St Anthony the Abbot, Terror of Demons

Gregory DiPippo

Today is the feast of one of the great founders of the Christian monastic and ascetic tradition, the Egyptian Saint Anthony (250 ca. – 356). In the West, he is often called Anthony the Abbot, to distinguish him from his namesake of Padua; in the East, he is simply “Anthony the Great.” Shortly after his death, St Athanasius (295 ca. – 373), the patriarch of Alexandria, wrote his biography in Greek; within less than 15 years, a priest named Evagrius translated this work into Latin. By means of this translation, Anthony became one of the most popular and influential Saints in the West throughout the Middle Ages and beyond.

He was not the first monk or hermit, as Athanasius makes quite clear; and indeed, the Church honors a saint named Paul with the title “the First Hermit.” Anthony was ninety years old, and had been living as an ascetic for over 70 years, before he first met Paul, shortly before the latter’s death at the age of 113. He also had as a contemporary St Pachomius, who greatly honored in the East as the author of an important monastic rule. Nevertheless, Anthony may rightly be called the Father of Monasticism in the East, as St Benedict is in the West, for it was by his example, more than any other, that so many men and women of his own time and subsequent eras were inspired to embrace the monastic life.

(A 19th century Coptic icon of Ss Anthony and Paul; public domain image from Wikimedia Commons.)

Athanasius tells of many times when Anthony struggled against devils, both by resisting temptations, and suffering bodily harm that the devil was permitted to inflict upon him. On one such occasion, early in his life as an ascetic, “a multitude of demons … so cut him with stripes that he lay on the ground speechless from the excessive pain.” He was discovered unconscious by the local villagers, who thought him dead, and brought him to their church. On recovering, he fearlessly returned to the place where he had been tormented, and

“post orationem clara voce dicebat, ‘Ecce hic sum ego Antonius, non fugio vestra certamina, etiamsi majora faciatis, nullus me separabit a charitate Christi.’ … bonorum hostis diabolus, admiratus quod post tot verbera fuisset ausus reverti, congregatis canibus suis, et proprio se furore dilanians, ‘Videtis, ait, quia nec spiritu fornicationis, nec corporis doloribus superatus, insuper audacter lacessit nos. Omnia arma corripite, acrius a nobis impugnandus est!’ … Sonitus igitur repentinus increpuit, ita ut loco funditus agitato, et parietibus patefactis, multifaria daemonum exinde turba se effunderet; nam et bestiarum et serpentium formas induentes, omnem protinus locum replevere phantasiis leonum, taurorum, luporum, aspidum, serpentium, scorpionum, necnon et pardorum atque ursorum. … Antonius flagellatus atque confossus sentiebat quidem asperiores corporis dolores, sed imperterritus durabat mente pervigili. Et licet gemitum vulnera carnis exprimerent, sensu tamen idem permanens, quasi de inimicis luderet, loquebatur, ‘Si virium aliquid haberetis, sufficeret unus ad praelium; sed quoniam Domino vos enervante frangimini, multitudine tentatis inferre terrores, cum hoc ipsum infirmitatis indicium sit, quod irrationabilium induitis formas bestiarum.’ … Multa contra sanctum Antonium minantes, fremebant dentibus suis, quod nullus eorum tentamenta consequeretur effectus, sed maxime e contrario gigneretur illusio.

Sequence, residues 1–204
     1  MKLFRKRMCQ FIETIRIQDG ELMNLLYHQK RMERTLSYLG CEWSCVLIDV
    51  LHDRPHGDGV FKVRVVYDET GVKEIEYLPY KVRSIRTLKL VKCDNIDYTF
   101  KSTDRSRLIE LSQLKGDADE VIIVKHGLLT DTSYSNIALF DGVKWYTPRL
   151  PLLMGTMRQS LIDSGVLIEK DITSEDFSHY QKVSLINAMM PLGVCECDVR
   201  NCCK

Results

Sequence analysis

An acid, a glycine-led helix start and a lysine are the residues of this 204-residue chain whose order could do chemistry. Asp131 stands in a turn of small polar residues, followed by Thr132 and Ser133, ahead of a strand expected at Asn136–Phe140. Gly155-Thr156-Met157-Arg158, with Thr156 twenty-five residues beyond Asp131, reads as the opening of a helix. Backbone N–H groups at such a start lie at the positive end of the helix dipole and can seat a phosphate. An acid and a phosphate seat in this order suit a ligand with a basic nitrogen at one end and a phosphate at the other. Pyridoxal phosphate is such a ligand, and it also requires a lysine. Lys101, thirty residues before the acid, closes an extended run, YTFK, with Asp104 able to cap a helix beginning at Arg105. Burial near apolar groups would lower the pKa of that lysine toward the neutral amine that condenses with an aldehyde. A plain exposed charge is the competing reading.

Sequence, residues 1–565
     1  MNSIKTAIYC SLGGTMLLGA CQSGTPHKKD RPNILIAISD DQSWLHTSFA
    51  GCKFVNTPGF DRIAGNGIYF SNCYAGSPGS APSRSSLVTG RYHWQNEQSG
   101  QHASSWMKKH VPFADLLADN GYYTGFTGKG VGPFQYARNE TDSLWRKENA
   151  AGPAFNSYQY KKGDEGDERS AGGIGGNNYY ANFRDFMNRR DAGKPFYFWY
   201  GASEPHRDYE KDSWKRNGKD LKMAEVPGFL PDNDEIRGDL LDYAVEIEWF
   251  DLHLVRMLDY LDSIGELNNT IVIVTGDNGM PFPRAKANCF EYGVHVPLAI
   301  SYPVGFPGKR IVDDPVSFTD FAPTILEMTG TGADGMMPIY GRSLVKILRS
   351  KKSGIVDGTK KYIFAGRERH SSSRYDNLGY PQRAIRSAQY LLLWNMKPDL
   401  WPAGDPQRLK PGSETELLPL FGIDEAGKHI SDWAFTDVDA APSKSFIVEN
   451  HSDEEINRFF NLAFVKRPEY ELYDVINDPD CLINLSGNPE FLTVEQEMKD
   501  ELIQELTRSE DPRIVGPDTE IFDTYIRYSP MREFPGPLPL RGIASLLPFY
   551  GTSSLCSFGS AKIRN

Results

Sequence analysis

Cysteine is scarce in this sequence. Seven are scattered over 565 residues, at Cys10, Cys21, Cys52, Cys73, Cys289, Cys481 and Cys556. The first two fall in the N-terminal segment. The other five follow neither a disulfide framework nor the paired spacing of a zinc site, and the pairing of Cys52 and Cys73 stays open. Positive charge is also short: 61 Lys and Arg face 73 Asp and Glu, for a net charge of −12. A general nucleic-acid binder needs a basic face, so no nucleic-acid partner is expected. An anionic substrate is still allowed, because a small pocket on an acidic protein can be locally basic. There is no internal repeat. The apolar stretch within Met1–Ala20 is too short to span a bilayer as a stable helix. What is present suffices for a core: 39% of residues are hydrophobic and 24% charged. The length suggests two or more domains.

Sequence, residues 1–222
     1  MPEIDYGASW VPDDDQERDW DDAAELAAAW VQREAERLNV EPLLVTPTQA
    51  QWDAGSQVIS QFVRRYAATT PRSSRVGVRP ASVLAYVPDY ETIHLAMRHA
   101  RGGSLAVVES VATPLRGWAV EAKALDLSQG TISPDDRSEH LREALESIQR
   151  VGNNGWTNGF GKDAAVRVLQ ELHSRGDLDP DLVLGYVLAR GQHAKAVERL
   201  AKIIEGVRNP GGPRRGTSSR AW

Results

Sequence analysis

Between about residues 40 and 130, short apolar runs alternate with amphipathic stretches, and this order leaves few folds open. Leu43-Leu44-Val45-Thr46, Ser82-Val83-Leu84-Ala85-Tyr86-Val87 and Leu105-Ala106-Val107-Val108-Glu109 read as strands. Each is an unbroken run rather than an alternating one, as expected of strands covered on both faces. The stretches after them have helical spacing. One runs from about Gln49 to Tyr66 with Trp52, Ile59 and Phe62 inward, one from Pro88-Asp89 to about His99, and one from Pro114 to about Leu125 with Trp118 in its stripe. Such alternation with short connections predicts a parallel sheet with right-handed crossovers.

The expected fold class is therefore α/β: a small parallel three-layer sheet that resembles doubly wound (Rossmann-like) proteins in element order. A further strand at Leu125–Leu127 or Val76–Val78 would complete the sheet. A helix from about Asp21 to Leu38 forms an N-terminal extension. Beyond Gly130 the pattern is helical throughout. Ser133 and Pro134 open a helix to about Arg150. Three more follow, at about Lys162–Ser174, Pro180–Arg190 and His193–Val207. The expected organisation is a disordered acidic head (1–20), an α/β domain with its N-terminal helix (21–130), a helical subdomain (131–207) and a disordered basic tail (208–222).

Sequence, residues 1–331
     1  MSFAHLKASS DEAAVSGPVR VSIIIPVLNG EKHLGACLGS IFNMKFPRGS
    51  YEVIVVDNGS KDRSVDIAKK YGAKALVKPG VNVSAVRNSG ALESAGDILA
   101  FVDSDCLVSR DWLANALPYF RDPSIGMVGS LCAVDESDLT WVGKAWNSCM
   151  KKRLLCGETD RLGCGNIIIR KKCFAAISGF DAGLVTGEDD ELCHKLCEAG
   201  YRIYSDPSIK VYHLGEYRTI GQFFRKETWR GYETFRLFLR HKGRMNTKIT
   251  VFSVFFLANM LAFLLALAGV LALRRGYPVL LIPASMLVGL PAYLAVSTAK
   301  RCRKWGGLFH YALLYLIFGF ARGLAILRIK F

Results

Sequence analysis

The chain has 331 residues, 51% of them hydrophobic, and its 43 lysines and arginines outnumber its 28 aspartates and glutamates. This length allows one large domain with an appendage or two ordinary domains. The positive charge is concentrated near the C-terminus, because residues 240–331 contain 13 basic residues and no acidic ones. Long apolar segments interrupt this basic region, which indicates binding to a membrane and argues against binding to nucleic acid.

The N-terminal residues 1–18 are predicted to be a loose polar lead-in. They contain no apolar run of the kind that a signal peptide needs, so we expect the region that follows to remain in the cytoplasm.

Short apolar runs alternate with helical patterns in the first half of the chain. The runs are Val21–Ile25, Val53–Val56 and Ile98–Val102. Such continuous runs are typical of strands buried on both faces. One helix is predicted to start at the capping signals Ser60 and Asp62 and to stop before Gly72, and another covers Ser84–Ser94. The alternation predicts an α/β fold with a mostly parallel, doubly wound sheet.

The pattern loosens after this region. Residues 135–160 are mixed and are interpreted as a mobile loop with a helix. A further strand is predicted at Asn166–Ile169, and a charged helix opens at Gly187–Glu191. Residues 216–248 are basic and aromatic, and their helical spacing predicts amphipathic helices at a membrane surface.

(Triptych of the Temptations of St Anthony, ca. 1501, by Hieronymus Bosch (1450 ca – 1516); public domain image from Wikimedia Commons.)

After prayer, he said in a loud voice, ‘Behold, here am I, Antony; I do not flee from any contest with you; even if you inflict greater ones, nothing shall separate me from the love of Christ.’ (Rom. 8, 39) … the enemy of all good, the devil, marveling that he had dared to return after so many blows, gathered his hounds and, tearing at himself in his fury, said, “You see that he is not overcome by the spirit of fornication, not by the pains of the body, and even dares to summon us! Seize all your arms; we must attack him the more harshly!” … Therefore, a sound suddenly burst forth, such that the whole place was shaken from its foundation, the walls were laid open, and a crowd of many sorts of demons poured forth from it; for putting on the forms of beasts and serpents, they immediately fill the whole places with the likeness of lions, bulls, wolves, asps, serpents, scorpions, as well as leopards and bears. … But Antony, though he was beaten and run through, and felt more harshly the pains of the body, still remained unshaken and watchful in mind, and though the wounds of the flesh made him groan, he remained the same in his senses, and as if he were mocking his enemies, said, ‘If you had any strength, one would be enough for the battle,  but since the Lord makes you weak and you are broken, you attempt to terrify me by numbers: though this itself shows your weakness, that you put on the forms of irrational beasts.” … Making many threats against St Anthony, they gnashed their teeth, since their assaults had no effect on him, but rather engendered mockery of themselves instead.”  (The Life of Anthony, chapter 8)

This passage and others of a similar vein in Athanasius’ biography have provided artists with the opportunity to indulge their strangest fantasies in depicting the demons who attack Anthony. Hieronymus Bosch, not surprisingly, painted a complete triptych on the subject (above), which was also tackled (also not surprisingly) by Salvador Dalí.


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